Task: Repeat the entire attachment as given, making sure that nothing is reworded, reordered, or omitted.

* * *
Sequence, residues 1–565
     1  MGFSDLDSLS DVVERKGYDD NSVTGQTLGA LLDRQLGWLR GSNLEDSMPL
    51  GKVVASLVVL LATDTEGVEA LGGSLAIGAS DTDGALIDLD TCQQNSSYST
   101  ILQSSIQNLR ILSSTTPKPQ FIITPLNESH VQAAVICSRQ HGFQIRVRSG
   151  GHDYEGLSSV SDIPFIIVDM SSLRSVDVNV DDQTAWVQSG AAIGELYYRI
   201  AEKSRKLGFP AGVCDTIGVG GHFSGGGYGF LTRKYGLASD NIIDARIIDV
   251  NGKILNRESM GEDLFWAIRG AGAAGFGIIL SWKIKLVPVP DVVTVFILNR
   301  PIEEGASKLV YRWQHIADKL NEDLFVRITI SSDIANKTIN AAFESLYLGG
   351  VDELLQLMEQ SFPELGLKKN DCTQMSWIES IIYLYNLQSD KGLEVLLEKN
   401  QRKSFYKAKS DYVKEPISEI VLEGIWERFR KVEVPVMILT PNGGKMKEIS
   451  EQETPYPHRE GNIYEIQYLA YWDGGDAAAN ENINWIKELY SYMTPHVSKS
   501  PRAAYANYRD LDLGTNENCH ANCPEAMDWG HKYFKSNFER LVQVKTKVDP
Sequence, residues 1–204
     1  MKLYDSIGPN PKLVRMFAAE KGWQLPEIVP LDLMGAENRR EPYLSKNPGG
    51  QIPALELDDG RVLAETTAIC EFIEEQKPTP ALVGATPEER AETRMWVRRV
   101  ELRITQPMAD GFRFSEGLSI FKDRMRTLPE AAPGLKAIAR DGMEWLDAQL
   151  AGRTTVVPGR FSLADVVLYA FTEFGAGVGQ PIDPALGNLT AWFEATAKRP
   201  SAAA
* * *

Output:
Sequence, residues 1–565
     1  MGFSDLDSLS DVVERKGYDD NSVTGQTLGA LLDRQLGWLR GSNLEDSMPL
    51  GKVVASLVVL LATDTEGVEA LGGSLAIGAS DTDGALIDLD TCQQNSSYST
   101  ILQSSIQNLR ILSSTTPKPQ FIITPLNESH VQAAVICSRQ HGFQIRVRSG
   151  GHDYEGLSSV SDIPFIIVDM SSLRSVDVNV DDQTAWVQSG AAIGELYYRI
   201  AEKSRKLGFP AGVCDTIGVG GHFSGGGYGF LTRKYGLASD NIIDARIIDV
   251  NGKILNRESM GEDLFWAIRG AGAAGFGIIL SWKIKLVPVP DVVTVFILNR
   301  PIEEGASKLV YRWQHIADKL NEDLFVRITI SSDIANKTIN AAFESLYLGG
   351  VDELLQLMEQ SFPELGLKKN DCTQMSWIES IIYLYNLQSD KGLEVLLEKN
   401  QRKSFYKAKS DYVKEPISEI VLEGIWERFR KVEVPVMILT PNGGKMKEIS
   451  EQETPYPHRE GNIYEIQYLA YWDGGDAAAN ENINWIKELY SYMTPHVSKS
   501  PRAAYANYRD LDLGTNENCH ANCPEAMDWG HKYFKSNFER LVQVKTKVDP
Sequence, residues 1–204
     1  MKLYDSIGPN PKLVRMFAAE KGWQLPEIVP LDLMGAENRR EPYLSKNPGG
    51  QIPALELDDG RVLAETTAIC EFIEEQKPTP ALVGATPEER AETRMWVRRV
   101  ELRITQPMAD GFRFSEGLSI FKDRMRTLPE AAPGLKAIAR DGMEWLDAQL
   151  AGRTTVVPGR FSLADVVLYA FTEFGAGVGQ PIDPALGNLT AWFEATAKRP
   201  SAAA